Tessa Veksler at the May 20 celebration of Jewish American Heritage Month at the White House. (Courtesy)
Tessa Veksler at the May 20 celebration of Jewish American Heritage Month at the White House. (Courtesy)

At 22, East Bay native Tessa Veksler is a Jewish leader with national sway

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When Tessa Veksler began her term as president of UC Santa Barbara’s student body last September, she’d reached a high point in her college career.

But the 22-year-old, who graduated in mid-June and returned home to Concord, knows this: She couldn’t win that seat again.

“Right now, no Jew would win,” she told J. 

After Oct. 7, Veksler turned to social media to mourn the victims of the Hamas massacre, call for the return of the hostages, support Israel’s right to defend itself, and call out antisemitism, particularly on college campuses.

“Standing up for Jewish human rights is not political,” she wrote in an Oct. 9 Instagram post. “Being a Jewish student on a college campus should not be a safety hazard. Being Israeli should not be a death sentence.”

Veksler quickly became a prominent Zionist voice on social media, posting passionate videos that have racked up more than 5.7 million views. Her public profile grew so rapidly that she received an invitation — she’s not exactly sure how — to the White House’s May 20 celebration of Jewish American Heritage Month.

During those same months, Veksler became a target of vicious hate.

In late February, scores of anti-Zionist signs were taped to walls and windows in the UCSB Multicultural Center, where Veksler’s student government office was located, with messages like “Zionists not welcome,” “When people are occupied, resistance is justified,” “You can run but you can’t hide Tessa Veksler” and “Tessa Veksler supports genocide.”

Tessa Veksler in late February, outside the UCSB Multicultural Center, which held her student government office. (Courtesy)

She shared her response to the incident online. “We’re not going anywhere,” she wrote on Instagram on Feb. 26. Those words have since become her mantra and hashtag. Days later, she gave a powerful address to the student senate where she stated: “I refuse to be conditionally Jewish.”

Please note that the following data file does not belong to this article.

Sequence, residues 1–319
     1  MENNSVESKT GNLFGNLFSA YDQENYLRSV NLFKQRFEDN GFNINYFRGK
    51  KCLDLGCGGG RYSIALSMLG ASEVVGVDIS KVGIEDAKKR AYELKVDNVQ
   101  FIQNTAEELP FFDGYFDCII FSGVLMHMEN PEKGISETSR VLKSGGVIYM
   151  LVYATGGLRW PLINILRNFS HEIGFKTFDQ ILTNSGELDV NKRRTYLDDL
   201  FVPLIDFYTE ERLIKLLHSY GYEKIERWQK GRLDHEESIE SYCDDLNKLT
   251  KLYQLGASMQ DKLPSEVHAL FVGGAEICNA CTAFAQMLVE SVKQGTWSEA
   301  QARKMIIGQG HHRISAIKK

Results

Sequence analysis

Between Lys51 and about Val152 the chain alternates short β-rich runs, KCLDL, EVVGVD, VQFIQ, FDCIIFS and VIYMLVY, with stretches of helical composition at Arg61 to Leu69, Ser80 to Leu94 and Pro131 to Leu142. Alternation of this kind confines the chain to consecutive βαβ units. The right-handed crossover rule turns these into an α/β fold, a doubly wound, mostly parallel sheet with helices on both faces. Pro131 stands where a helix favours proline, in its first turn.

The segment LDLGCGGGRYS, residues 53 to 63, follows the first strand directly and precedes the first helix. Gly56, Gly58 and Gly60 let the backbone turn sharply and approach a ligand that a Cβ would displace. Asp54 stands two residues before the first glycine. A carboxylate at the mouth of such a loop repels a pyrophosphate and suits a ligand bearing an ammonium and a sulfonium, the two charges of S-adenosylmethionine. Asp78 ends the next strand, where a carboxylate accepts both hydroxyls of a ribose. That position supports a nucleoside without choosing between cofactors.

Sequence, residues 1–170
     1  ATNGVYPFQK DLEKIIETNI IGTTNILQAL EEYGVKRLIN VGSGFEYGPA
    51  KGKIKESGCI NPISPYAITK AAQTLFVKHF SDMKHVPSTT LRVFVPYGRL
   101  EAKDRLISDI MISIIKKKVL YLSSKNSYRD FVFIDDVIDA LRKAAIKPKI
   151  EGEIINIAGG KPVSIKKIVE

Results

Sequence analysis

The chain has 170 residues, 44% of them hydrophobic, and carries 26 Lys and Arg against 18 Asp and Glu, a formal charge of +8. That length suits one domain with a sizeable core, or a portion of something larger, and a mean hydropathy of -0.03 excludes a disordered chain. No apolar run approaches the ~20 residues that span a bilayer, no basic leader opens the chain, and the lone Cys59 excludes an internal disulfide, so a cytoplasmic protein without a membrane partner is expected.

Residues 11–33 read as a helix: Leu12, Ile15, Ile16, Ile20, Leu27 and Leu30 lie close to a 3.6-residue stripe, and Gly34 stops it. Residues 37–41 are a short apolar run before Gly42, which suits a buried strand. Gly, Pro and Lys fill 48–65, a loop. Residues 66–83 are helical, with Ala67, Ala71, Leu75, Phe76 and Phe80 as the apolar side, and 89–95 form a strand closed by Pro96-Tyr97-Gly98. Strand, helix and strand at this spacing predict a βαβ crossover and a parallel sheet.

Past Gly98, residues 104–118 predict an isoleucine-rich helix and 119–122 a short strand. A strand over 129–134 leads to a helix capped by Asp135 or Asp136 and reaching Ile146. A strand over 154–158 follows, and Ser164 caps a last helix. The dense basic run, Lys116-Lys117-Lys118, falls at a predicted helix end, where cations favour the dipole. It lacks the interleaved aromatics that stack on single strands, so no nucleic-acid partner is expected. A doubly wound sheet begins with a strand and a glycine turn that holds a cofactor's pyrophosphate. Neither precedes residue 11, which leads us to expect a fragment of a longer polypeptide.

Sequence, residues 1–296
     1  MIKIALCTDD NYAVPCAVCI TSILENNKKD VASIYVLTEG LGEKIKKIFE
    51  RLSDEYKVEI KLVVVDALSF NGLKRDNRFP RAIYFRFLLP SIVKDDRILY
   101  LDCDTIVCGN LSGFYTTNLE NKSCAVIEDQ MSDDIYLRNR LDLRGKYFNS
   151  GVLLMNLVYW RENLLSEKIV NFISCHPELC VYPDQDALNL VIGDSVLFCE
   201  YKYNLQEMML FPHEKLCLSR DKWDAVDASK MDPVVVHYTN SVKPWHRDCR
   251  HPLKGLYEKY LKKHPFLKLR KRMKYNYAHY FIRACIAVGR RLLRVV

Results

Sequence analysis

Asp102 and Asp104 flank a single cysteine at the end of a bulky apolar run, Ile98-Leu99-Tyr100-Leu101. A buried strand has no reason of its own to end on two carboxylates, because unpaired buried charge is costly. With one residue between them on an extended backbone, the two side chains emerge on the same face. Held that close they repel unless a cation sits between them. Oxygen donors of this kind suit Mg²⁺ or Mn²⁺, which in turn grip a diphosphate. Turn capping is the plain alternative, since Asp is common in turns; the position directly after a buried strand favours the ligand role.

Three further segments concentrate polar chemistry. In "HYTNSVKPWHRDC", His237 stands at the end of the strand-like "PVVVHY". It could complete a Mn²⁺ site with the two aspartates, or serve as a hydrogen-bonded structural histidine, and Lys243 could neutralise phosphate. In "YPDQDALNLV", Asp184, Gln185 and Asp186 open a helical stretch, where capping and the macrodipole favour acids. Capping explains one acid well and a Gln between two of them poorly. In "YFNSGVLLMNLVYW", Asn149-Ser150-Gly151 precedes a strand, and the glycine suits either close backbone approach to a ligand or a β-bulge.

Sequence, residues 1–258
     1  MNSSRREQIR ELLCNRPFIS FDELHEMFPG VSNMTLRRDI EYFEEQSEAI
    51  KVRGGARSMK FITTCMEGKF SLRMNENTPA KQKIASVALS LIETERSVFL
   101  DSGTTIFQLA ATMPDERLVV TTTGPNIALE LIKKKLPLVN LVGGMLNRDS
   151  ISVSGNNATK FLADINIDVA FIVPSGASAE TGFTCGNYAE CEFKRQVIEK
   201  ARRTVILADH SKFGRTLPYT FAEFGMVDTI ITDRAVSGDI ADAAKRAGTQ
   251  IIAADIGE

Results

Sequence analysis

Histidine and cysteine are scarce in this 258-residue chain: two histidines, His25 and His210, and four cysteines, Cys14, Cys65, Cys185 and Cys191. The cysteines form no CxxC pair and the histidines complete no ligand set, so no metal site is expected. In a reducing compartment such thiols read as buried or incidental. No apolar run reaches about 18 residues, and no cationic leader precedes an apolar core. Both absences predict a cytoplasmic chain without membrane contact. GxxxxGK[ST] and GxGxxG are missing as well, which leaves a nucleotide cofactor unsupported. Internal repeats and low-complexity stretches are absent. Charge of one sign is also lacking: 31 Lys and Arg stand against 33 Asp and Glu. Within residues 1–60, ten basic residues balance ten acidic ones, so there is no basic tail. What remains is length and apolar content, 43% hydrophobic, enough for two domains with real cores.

In April, an effort to hold a special election to recall her failed narrowly. In May, she posted a despairing video after the student senate voted to condemn Israel. “I, as a Jewish student leader, feel pain,” she said bluntly. Then in June during finals week, she posted about another wave of anti-Zionist vandalism and property destruction at UCSB, calling out what she saw as the administration’s lackluster response to hate.

Veksler has leaned into her role as an outspoken leader for pro-Israel Jews who feel under siege on college campuses. She has spoken online and in person to Jewish groups, including StandWithUs, Birthright Israel — of which she’s an alum — and Malka Productions last month in San Francisco, where she advised high school and college students against letting antisemites determine their futures.

In March, following Veksler’s response to the hate directed at her on campus, the U.S. Department of Education opened a discrimination investigation into UCSB. Two months later, the Louis D. Brandeis Center for Human Rights Under Law filed a federal civil rights complaint against UCSB on Veksler’s behalf for leaving her “utterly vulnerable to severe and persistent anti-Semitic bullying, harassment, intimidation, and threats,” according to the Brandeis Center.

“I want UCSB to be one of the first universities that takes a step in the right direction … and treats antisemitism like a genuine problem,” she told J. “If this was happening to any other group, it would never be treated this way.”

Veksler’s Jewish and Zionist activism has been shaped by personal journeys.

In 1990, her parents, brother, grandparents and great-grandparents left their home in Odessa, Ukraine, joining the wave of Jewish emigres fleeing the crumbling Soviet Union. After stays in Austria and then Italy, they were sponsored to come to the U.S. by Veksler’s great-aunt, who lived in San Francisco.

Antisemitism was a constant reality in Soviet-controlled Ukraine. Still, Veksler knows it was an unnerving decision for her family to leave everything they knew — and a difficult transition when they arrived. Her mother was 26, and her father was 30.

“Once you stepped outside of the Soviet Union like that … there was no going back. You had to relinquish your documents and your citizenship,” she said. “No person would willingly leave a home where you speak the native language, where you grew up … unless their life was so miserable that they didn’t have another choice.”

Her family lived in San Francisco before moving to Contra Costa County, where Veksler was born. Like so many other families from the former Soviet Union, the Vekslers were secular Jews. But following in the steps of other Russian-speaking Jews they knew, Veksler’s parents enrolled her in a weekly Hebrew school at Chabad of Contra Costa during her elementary school years. When she began asking her parents for a bat mitzvah, though, they balked and pulled her out.